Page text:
Day: January 7, 2013

If We’re Angry About Ticket Prices, We Need To Stop Buying Them

There is an element of truth universally acknowledged about the fact that tickets for football matches are too high, but the extent to which they are too high is still frequently shocking. Liverpool supporters travelling to London for their match against Arsenal at the end of this month will have to pay £62 for entry into The Emirates Stadium (although this should probably be seen within in the context of the eye-wateringly high prices that are charged for matches in London in a general sense), while West Ham United supporters who were planning to travel to Old Trafford for their FA Cup Third Round replay next week might consider doing otherwise once they see that the home side will be charging £45 a ticket for those West Ham supporters that are hardy enough to make a trip north to Manchester on a midweek evening in January, and the added irony to this is that Manchester United’s travelling supporters were only charged £20 for their tickets at Upton Park on Saturday afternoon. There are few supporters – in particular, but not exclusively, those of Premier League clubs – who don’t have a tale of woe of some description about being forced to pay a price that is unreasonable to the point of extortion for the sometimes dubious pleasure of watching a match live, and we could easily fill a couple...

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That Was The Weekend That Was – The FA Cup Third Round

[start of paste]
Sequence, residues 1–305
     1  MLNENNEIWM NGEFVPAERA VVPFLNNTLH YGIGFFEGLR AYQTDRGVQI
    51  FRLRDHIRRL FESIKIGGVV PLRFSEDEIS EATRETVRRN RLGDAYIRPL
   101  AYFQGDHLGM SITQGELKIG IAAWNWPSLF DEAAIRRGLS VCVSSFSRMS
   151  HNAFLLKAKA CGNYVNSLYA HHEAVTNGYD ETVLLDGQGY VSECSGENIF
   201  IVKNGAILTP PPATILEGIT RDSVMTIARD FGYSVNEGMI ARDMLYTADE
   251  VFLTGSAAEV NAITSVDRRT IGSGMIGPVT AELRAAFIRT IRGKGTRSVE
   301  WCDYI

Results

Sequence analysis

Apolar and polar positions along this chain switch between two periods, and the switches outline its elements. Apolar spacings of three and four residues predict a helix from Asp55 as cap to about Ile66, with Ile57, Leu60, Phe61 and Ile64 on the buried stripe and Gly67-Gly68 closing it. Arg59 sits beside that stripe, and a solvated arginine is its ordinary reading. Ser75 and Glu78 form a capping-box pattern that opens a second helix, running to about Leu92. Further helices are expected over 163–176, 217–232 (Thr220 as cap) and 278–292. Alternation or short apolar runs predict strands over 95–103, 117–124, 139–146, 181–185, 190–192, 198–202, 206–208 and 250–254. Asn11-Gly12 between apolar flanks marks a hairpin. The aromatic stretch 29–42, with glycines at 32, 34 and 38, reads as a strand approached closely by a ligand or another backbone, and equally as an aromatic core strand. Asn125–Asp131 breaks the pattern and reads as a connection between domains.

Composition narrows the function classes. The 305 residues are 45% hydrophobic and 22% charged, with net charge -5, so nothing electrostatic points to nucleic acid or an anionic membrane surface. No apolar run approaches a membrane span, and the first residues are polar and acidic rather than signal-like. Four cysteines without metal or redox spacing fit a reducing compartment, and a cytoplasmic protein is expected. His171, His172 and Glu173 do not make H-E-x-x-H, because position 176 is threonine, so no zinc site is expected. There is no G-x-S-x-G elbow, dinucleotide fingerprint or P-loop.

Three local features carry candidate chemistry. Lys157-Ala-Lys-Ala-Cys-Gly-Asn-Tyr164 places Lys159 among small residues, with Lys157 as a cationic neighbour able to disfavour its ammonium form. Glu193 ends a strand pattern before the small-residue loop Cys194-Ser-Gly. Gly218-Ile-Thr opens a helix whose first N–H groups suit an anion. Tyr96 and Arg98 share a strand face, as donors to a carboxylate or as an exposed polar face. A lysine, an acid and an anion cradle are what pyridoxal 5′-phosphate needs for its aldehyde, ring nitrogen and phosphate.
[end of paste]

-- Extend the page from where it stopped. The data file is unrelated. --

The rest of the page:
Throughout the entirety of its existence, the FA Cup has acted as a barometer for the state of the game in England. From 1883, when Blackburn Olympic’s win in the final against the Old Etonians marked the end of the amateurs’ early domination of the competition, via the 1945/46 competition, which was largely played over two legs and in front of massive crowds because the Football League had been unable to resume its programme at short notice after the end of six years of war, it has reflected the health and priorities of English football, and what its current condition says about the priorities of both clubs and supporters doesn’t offer a particularly healthy prognosis for the world’s oldest cup competition. Crowds have slumped, and the weekend of its Third Round Proper was met with a collective yawn by supporters who seem to now value the Premier League – or the possibility of getting into the Premier League – above all other considerations. There were four non-league clubs playing in this year’s Third Round. Two won and two lost, but in three of the matches – including both at which the non-league clubs won – the story very quickly became about the bigger clubs. At Moss Rose, Macclesfield Town reached the Fourth Round for the first time in its one hundred and thirty-nine year history by coming from a...

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